CISSP PRACTICE QUESTIONS – 20220211

Effective CISSP Questions

You are configuring the cipher suites for a web server that supports TLS 1.2. Which of the following can provide the highest level of security? (Wentz QOTD)
A. TLS_ECDHE_RSA_WITH_AES_128_GCM_SHA256
B. TLS_ECDHE_RSA_WITH_AES_256_CBC_SHA
C. TLS_ECDHE_RSA_WITH_AES_128_CBC_SHA
D. TLS_RSA_WITH_AES_256_GCM_SHA384


Kindly be reminded that the suggested answer is for your reference only. It doesn’t matter whether you have the right or wrong answer. What really matters is your reasoning process and justifications.

My suggested answer is A. TLS_ECDHE_RSA_WITH_AES_128_GCM_SHA256.

Wentz’s book, The Effective CISSP: Security and Risk Management, helps CISSP and CISM aspirants build a solid conceptual security model. It is a tutorial for information security and a supplement to the official study guides for the CISSP and CISM exams and an informative reference for security professionals.

Cipher Suite
Cipher Suite

Cipher Suite

A cipher suite is a set of cryptographic algorithms, which can be expressed in a single string as follows:

Cipher Suite String
Cipher Suite String (Source: Microsoft)
Key exchangeAuthentication Block/stream ciphers Message authentication
RSA RSA RC4 Hash-based MD5
Diffie–Hellman DSA Triple DES SHA hash function
ECDH ECDSA AES
SRP IDEA
PSK DES
Source: Wikipedia

Diffie-Hellman (DH)

Diffie-Hellman (DH) is “one of the earliest practical examples of public key exchange implemented within the field of cryptography. Published in 1976 by Diffie and Hellman, this is the earliest publicly known work that proposed the idea of a private key and a corresponding public key.” (Wikipedia)

Ephemeral Diffie-Hellman (DHE in the context of TLS) differs from the static Diffie-Hellman (DH) in the way that static Diffie-Hellman key exchanges always use the same Diffie-Hellman private keys. So, each time the same parties do a DH key exchange, they end up with the same shared secret.” (mbed)

ECDHE vs RSA

Elliptic-Curve Diffie-Hellman (ECDH) is a variant of the Diffie-Hellman protocol using elliptic curve cryptography. ECDHE is a version of ECDHE that uses ephemeral public keys and provides forward secrecy (FS).

Elliptic-curve Diffie–Hellman (ECDH) is a key agreement protocol that allows two parties, each having an elliptic-curve public-private key pair, to establish a shared secret over an insecure channel.

The public keys are either static (and trusted, say via a certificate) or ephemeral (also known as ECDHE, where final ‘E’ stands for “ephemeral”). Ephemeral keys are temporary and not necessarily authenticated, so if authentication is desired, authenticity assurances must be obtained by other means.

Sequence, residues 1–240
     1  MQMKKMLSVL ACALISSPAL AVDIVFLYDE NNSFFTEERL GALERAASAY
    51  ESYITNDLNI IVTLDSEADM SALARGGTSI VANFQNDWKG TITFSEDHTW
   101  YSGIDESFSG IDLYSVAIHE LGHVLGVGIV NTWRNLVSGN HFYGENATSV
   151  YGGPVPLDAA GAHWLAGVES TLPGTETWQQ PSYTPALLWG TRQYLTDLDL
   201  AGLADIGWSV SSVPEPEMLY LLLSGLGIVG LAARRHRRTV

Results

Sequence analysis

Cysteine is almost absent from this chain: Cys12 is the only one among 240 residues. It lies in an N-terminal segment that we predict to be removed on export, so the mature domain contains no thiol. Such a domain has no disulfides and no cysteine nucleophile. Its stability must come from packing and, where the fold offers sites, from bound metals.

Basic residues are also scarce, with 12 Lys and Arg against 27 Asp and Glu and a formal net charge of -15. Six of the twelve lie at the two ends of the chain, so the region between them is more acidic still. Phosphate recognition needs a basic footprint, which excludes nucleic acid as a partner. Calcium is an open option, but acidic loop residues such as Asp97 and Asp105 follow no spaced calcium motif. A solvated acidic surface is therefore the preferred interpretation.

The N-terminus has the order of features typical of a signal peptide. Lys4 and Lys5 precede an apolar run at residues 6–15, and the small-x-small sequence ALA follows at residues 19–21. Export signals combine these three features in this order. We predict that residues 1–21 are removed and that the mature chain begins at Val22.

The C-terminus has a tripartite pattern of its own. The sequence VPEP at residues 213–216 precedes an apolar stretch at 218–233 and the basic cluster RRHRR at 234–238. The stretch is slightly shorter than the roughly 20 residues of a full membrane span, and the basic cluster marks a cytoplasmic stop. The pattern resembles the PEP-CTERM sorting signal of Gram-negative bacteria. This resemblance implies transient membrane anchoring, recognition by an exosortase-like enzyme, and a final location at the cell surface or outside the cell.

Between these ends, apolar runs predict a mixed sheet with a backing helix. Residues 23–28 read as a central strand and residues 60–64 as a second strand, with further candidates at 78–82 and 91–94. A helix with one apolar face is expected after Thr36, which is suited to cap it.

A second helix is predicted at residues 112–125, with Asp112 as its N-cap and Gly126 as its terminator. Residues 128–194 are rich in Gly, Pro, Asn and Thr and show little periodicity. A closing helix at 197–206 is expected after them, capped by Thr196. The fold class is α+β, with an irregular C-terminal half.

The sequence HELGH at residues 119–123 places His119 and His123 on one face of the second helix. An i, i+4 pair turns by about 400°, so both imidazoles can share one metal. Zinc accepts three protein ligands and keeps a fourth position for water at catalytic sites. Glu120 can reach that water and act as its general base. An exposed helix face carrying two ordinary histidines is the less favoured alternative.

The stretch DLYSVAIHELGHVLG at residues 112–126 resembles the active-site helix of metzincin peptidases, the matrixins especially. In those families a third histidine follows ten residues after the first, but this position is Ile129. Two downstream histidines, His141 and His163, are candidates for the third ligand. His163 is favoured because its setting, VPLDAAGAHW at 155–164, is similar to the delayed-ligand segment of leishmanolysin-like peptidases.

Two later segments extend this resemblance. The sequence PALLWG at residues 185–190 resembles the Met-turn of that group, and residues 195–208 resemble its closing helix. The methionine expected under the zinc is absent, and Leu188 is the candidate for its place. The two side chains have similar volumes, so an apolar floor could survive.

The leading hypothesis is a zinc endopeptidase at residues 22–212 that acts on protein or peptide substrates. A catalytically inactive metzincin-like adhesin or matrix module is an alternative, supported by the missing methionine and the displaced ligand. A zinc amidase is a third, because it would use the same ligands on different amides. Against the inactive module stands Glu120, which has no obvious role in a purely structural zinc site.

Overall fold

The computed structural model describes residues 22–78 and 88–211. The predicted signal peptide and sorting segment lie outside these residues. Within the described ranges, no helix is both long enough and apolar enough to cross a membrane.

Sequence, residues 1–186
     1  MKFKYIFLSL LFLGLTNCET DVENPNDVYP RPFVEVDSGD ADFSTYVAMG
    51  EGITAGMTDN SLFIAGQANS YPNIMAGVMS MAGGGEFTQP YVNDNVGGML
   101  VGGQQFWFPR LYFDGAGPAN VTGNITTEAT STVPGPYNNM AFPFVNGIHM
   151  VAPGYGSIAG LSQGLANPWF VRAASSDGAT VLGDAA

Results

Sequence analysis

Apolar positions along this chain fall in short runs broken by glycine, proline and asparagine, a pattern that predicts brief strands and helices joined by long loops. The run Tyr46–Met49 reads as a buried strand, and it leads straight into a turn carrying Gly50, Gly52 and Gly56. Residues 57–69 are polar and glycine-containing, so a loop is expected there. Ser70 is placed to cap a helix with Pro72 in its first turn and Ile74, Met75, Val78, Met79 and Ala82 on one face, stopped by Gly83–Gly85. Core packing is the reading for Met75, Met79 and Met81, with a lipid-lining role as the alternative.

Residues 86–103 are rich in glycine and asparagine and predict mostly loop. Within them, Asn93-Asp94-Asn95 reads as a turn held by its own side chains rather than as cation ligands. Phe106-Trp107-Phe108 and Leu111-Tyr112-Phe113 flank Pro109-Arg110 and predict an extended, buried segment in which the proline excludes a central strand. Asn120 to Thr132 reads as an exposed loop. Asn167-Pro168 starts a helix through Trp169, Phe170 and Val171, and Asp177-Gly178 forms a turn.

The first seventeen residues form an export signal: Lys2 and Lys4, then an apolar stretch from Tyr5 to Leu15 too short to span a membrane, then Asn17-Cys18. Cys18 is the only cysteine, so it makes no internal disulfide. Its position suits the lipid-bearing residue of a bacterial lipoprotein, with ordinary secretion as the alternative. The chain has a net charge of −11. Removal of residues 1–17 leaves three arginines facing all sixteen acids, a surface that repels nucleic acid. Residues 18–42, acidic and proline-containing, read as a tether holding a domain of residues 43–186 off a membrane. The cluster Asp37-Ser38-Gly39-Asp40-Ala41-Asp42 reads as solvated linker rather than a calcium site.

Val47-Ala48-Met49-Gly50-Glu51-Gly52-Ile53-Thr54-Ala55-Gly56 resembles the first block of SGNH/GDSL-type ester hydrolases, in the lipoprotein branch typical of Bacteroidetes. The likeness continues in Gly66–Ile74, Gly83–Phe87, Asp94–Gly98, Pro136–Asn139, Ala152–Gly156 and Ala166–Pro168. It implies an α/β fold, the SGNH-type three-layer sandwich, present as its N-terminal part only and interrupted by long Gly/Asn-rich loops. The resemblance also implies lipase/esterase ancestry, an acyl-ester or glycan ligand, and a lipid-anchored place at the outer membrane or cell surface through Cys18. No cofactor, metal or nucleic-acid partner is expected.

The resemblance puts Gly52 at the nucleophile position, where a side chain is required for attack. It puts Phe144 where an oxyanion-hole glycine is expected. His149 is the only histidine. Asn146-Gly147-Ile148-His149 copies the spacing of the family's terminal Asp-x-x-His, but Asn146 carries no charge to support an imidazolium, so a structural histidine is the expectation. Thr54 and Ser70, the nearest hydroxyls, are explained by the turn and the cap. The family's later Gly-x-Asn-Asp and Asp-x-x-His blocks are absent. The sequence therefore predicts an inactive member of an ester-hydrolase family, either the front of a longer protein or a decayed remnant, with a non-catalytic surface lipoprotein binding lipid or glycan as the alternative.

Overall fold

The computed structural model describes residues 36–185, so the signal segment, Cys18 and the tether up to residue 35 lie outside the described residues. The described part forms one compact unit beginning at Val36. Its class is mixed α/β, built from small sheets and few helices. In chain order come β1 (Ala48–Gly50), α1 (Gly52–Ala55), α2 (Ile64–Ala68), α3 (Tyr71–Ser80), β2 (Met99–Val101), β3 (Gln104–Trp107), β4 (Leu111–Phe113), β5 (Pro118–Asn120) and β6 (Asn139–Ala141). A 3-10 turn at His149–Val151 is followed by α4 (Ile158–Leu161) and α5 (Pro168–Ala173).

Source: Wikipedia

Forward Secrecy (FS)

Forward secrecy means that “if the long-term private key of the server gets leaked, past communication is still secure.” (mbed) However, RSA doesn’t provides forward secrecy. If a server’s private key is stolen, all connections in the past would be vulnerable.

AES-128 vs AES-256

Even though AES-256 provides higher level of protection than AES-128. However, AES-128 provides adequate security; it is still quite effective till 2030 or beyand as the following table shows:

NIST Recommendation for Key Management
NIST Recommendation for Key Management

CBC vs GCM

AES in CBC mode is subject to the attacks, e.g., BEAST and Lucky-13 (both attack CBC-based ciphers). AES in GCM (Galois/Counter Mode) is much stronger than AES in CBC mode. (CloudFlare)

Secure Hash Algorithms

SHA-0 has an undisclosed “significant flaw. “SHA-1 has been proven to be insecure as of 2017.” (ciphersuite)

The Secure Hash Algorithms are a family of cryptographic hash functions published by the National Institute of Standards and Technology (NIST) as a U.S. Federal Information Processing Standard (FIPS).

SHA-0: A retronym applied to the original version of the 160-bit hash function published in 1993 under the name “SHA”. It was withdrawn shortly after publication due to an undisclosed “significant flaw” and replaced by the slightly revised version SHA-1.

SHA-1: A 160-bit hash function which resembles the earlier MD5 algorithm. This was designed by the National Security Agency (NSA) to be part of the Digital Signature Algorithm. Cryptographic weaknesses were discovered in SHA-1, and the standard was no longer approved for most cryptographic uses after 2010.

Source:Wikipedia

Reference


您正在為支持 TLS 1.2 的 Web 服務器配置密碼套件(cipher suites)。 以下哪項可以提供最高級別的安全性? (Wentz QOTD)
A. TLS_ECDHE_RSA_WITH_AES_128_GCM_SHA256
B. TLS_ECDHE_RSA_WITH_AES_256_CBC_SHA
C. TLS_ECDHE_RSA_WITH_AES_128_CBC_SHA
D. TLS_RSA_WITH_AES_256_GCM_SHA384

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